Observation 48809: Rhizopogon Fr. & Nordholm

When: 2010-07-02

Collection location: Little Hartley, New South Wales, Australia [Click for map]

Who: Lucy (lucya)

No specimen available

Found next to #48733. Same type but older?

[admin – Sat Aug 14 01:58:42 +0000 2010]: Changed location name from ‘Blue Mountains, NSW, Australia’ to ‘Blue Mountains, New South Wales, Australia’

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When eucalypts are nearby
By: Daniel B. Wheeler (Tuberale)
2010-07-21 08:09:54 AST (-0400)

then must also consider Hydnangium, which is often found near eucalyptus. In the U.S., Hydnangium carneum has been found in California and Oregon, apparently introduced from live eucalyptus introduced from Australia a century ago. Hydnangium differs from Rhizopogon by having a felty peridium (outside). If you look at the peridium under a magnifying glass, the peridium should look like it is composed of lots of small hairs woven together. Rhizopogon has a paper thin peridium made of multiple tissue-paper-like layers. Hydnangium carneum has a mostly pinkish to pinkish-brown gleba when mature. In the U.S. known from November thru May; in Australia it fruits from July thru November. Edibility of most mycorrhiza associated with Eucalypts is unknown. Hydnangium carneum is known to be edible, but is said to be nearly odorless and “insipid” in “Field Guide to North American Truffles.” If the peridium is felty, Hydnangium carneum is a good match, I think.

Dr. Teresa Label is one of the Australian experts in truffle-like fungi, but I don’t have her contact information. While pine is a very common host of truffle-like fungi, eucalyptus has just as many if not more, including a plethora of fungi not found in the United States.

Eucalyptus close by
By: Lucy (lucya)
2010-07-21 05:32:37 AST (-0400)

Yes, you are correct – eucalyptus trees are less than 10m away from the where I found these. As for the pine trees, I’m not sure what type they are but I can find out. Sorry I know so little – I stumbled across a mushroom a month ago while visiting my mother in the Blue Mountains and have been fascinated by all things mushroom ever since (but these remain my particular love!). Perhaps these are a new type – an Australian mountain Rhizopogon?!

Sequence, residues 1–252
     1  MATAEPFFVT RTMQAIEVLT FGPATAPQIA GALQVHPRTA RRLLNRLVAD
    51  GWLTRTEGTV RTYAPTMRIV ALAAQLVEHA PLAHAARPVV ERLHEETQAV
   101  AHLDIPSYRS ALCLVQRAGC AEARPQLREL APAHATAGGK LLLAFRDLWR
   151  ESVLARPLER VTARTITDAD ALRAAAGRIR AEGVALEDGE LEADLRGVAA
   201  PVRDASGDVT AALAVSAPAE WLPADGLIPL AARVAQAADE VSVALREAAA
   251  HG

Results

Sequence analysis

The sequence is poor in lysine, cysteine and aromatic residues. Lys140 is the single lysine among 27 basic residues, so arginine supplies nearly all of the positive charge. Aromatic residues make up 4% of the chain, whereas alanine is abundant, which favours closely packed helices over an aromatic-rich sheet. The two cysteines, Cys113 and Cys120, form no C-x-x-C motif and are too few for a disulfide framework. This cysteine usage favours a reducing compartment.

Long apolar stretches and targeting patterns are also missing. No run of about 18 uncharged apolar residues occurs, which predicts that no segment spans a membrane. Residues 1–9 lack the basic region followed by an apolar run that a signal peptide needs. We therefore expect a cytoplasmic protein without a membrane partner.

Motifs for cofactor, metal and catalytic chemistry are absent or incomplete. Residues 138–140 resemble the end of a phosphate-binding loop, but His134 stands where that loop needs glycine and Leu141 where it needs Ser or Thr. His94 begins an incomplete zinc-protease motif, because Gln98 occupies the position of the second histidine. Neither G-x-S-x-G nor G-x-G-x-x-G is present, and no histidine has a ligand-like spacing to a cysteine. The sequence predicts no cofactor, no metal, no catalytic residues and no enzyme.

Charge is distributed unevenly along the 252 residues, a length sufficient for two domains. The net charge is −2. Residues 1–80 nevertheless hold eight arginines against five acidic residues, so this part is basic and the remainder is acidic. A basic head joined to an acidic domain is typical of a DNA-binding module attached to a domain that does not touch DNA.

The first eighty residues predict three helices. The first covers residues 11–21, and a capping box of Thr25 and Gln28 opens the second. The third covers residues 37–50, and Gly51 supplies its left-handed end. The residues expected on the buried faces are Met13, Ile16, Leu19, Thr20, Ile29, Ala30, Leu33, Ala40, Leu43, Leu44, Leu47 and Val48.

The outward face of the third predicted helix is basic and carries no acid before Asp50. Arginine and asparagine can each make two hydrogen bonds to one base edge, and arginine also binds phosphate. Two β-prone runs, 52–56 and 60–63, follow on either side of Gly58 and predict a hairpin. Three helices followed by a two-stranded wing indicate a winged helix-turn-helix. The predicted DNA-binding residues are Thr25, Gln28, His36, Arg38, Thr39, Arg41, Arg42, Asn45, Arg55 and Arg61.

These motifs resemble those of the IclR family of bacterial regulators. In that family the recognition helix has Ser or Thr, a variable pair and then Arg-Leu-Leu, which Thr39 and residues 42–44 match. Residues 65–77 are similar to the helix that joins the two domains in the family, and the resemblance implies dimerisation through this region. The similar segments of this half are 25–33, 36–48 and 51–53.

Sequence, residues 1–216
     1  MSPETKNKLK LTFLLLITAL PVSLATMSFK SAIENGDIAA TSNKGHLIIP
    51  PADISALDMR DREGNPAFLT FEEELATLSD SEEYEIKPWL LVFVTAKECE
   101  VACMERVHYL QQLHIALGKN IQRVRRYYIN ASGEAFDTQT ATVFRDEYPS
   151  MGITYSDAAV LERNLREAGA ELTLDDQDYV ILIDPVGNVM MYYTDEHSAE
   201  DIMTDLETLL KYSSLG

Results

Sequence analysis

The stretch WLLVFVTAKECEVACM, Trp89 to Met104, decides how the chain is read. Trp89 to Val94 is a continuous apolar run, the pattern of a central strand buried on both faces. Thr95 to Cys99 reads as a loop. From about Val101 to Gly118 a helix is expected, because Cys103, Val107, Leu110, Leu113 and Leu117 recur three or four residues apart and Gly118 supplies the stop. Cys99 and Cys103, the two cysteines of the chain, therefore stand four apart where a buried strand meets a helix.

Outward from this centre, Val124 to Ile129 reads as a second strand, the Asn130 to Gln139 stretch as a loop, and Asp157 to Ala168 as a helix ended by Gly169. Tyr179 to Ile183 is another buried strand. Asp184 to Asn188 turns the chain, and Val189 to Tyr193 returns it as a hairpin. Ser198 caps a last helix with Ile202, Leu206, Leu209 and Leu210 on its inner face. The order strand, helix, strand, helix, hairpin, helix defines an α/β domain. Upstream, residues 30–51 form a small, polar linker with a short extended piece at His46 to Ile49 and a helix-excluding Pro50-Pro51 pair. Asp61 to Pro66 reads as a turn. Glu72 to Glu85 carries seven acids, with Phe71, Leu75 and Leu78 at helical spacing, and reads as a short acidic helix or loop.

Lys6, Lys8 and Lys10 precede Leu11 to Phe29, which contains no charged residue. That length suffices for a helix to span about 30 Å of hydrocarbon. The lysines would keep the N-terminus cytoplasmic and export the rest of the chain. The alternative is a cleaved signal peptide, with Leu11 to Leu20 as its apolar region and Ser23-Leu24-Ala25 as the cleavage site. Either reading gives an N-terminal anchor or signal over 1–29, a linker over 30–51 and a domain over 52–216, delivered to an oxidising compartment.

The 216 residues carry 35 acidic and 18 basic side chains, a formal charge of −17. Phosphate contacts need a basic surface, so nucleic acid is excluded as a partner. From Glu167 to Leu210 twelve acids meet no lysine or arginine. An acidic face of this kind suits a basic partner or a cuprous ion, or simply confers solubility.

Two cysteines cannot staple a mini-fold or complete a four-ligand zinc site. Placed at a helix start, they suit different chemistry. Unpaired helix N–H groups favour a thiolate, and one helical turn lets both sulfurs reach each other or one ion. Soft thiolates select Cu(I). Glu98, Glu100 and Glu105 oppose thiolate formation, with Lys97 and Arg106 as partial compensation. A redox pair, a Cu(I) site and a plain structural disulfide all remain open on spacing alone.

Does appear to be older.
By: Daniel B. Wheeler (Tuberale)
2010-07-20 11:52:47 AST (-0400)

The darker the gleba (interior), the more likely it has mature spores present. Rhizopogons can mature almost overnight in dry conditions, though.

The peridium (outside) looks odd to me, like a plated puffball, with less rhizomorphs than I’m used to seeing. Also, most Rhizopogons I’ve collected are at least partially buried and therefore protected from dessication. The gleba suggests this is Rhizopogon or a close relative. You state it was found near pine, but there appear to be eucalyptus or willow leaves in the photo as well. Rhizopogon may fruit 300 feet away from a host tree 100 feet tall, so the host doesn’t have to be exactly nearby, although the nearest host tree is most likely. I don’t see any bruising of the peridium, which is very common among Rhizopogon.

Created: 2010-07-20 07:01:17 AST (-0400)
Last modified: 2010-08-17 06:48:46 AST (-0400)
Viewed: 319 times, last viewed: 2018-12-25 19:39:21 AST (-0400)
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